S-48 through S-51

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Design and Construction Notes

These four boats made up the 2nd contract awarded to the Lake Torpedo Boat Company of Bridgeport, CT. to build submarines to the Navy's Bureau of Construction & Repair design (the modified Government design). The rush to incorporate a stern torpedo tube into the design of the S-10 through S-13 group resulted in a less than desirable arrangement aft, where the single aft torpedo tube simply let into the large motor room that already existed in the Government design. Stowage for two reload torpedoes furthered the space and arrangement problems in the motor room that were encountered by that group.

Accordingly, C&R made a major change to the S-48 group by lengthening them nine feet so that a separate watertight aft torpedo room could be incorporated. This also caused a significant redesign of the rudder and stern plane arrangement, a look that presaged the arrangement on the later fleet submarines. Instead of the finely tapering stern that wrapped around the stern tube in the S-10 group, on the S-48 group the "chisel" stern of the S-3 group returned, with the torpedo tube jutting through the middle of the chisel. When seen in drydock, this gave the S-48 group a distinctive stern look. These boats were also powered by a larger 2-cycle version of the Busch-Sulzer diesel engine and had the below water non-retractable bow planes. Displacement increased from the nominal 800 tons surfaced to 903 tons.

Although visually they were the epitome of the 1920's USN submarine design aesthetic, in the end they were not well liked by the Navy. The boats were slow divers with ponderous underwater maneuverability and questionable reliability. S-51 was lost in a tragic accident in 1925 and was subsequently salvaged and scrapped. S-49 and S-50 were decommissioned in 1927 and after suffering battery fires and to keep the Navy in compliance with the London Naval Treaty. S-49 clung to life after being sold to a civilian firm as a tourist exhibit and S-50 was scrapped in 1930. Only S-48 continued to serve. After a grounding in 1925 she was taken in hand to be modified in a scheme to fully modernize the Government S-boats. Her modifications were not repeated on any other Government design S-boat after the costs ballooned to unsustainable levels. However, they were generally successful and S-48 alone of this group served all the way through the end of WWII.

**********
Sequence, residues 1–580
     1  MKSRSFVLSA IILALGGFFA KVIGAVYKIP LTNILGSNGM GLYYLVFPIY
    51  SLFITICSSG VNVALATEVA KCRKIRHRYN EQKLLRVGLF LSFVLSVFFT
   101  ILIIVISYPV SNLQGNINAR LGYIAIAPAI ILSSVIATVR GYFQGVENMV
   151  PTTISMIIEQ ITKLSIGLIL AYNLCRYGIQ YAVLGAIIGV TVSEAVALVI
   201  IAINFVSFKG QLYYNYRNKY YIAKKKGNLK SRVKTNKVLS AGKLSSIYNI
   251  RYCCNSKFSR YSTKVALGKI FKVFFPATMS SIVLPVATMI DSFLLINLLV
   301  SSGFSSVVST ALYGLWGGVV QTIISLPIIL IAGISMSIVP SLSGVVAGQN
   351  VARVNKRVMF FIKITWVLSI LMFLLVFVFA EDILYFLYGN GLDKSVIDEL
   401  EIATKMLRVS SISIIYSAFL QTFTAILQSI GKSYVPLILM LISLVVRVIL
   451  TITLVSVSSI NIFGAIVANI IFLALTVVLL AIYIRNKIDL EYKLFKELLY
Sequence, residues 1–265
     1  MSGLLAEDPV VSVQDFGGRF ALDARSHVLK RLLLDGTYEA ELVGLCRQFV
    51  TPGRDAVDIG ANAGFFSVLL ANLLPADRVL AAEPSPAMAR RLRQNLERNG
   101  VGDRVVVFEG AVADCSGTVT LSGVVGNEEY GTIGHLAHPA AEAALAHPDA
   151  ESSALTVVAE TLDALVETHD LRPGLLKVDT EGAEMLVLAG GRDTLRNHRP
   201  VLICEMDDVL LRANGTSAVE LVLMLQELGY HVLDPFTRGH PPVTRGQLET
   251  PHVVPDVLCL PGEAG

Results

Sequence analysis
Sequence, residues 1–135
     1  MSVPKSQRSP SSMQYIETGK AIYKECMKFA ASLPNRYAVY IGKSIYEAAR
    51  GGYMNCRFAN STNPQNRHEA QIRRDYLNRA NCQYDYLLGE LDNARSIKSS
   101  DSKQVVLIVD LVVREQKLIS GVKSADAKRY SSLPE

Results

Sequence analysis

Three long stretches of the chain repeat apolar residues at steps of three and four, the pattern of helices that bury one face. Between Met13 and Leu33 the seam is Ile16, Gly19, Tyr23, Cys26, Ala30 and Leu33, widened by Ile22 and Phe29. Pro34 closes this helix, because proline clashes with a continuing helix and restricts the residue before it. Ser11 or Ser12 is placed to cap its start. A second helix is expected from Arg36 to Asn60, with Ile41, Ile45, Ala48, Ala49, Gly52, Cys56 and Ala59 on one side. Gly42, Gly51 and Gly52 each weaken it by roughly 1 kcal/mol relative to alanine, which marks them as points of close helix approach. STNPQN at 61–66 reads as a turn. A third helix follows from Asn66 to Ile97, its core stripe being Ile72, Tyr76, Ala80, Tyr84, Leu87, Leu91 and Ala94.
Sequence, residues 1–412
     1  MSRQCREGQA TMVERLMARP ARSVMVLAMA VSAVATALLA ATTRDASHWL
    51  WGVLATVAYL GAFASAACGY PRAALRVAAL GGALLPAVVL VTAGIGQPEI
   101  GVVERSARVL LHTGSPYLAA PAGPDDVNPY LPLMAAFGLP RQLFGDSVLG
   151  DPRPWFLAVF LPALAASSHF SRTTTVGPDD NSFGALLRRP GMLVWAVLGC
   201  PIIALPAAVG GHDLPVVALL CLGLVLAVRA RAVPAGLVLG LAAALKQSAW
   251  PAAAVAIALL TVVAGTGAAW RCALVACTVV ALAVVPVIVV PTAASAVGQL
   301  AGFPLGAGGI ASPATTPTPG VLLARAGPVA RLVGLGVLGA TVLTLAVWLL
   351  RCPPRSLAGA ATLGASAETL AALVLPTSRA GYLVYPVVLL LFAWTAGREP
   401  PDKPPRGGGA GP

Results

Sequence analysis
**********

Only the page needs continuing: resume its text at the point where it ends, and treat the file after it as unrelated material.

S-48 (SS-159)

Photo #19-N-8274 courtesy of NARA.
Photo #19-N-8274 courtesy of NARA.
S-48 seen in October, 1922 shortly after her commissioning. The location is unknown but it may be near Bridgeport, CT. where she was built, or possibly near the Charlestown Navy Yard in Boston.

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S-49 (SS-160)

Photo #80-G-1025021 courtesy of NARA.
Photo #80-G-1025021 courtesy of NARA.
S-49 running builder's trials, April, 1921. The location is presumed to be in Long Island Sound. It looks as if she is running at nearly full speed, given the smoke from the engines aft and the sizeable wake as she cuts through the water.

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S-50 (SS-161)

U.S. Navy photo NH 108473 courtesy of the NHHC.
U.S. Navy photo NH 108473 courtesy of the NHHC.
A closeup of the S-50 from the port bow during operations with the S-51 in 1924. Location is not known for sure, but we are speculating that it is somewhere in the Caribbean or near the Panama Canal.

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S-51 (SS-162)

U.S. Navy photo NH 108473 courtesy of the NHHC.
U.S. Navy photo NH 108473 courtesy of the NHHC.
The other half of the photo above, showing S-51 operating somewhere in the Caribbean in the company of her sister S-50 in 1924.

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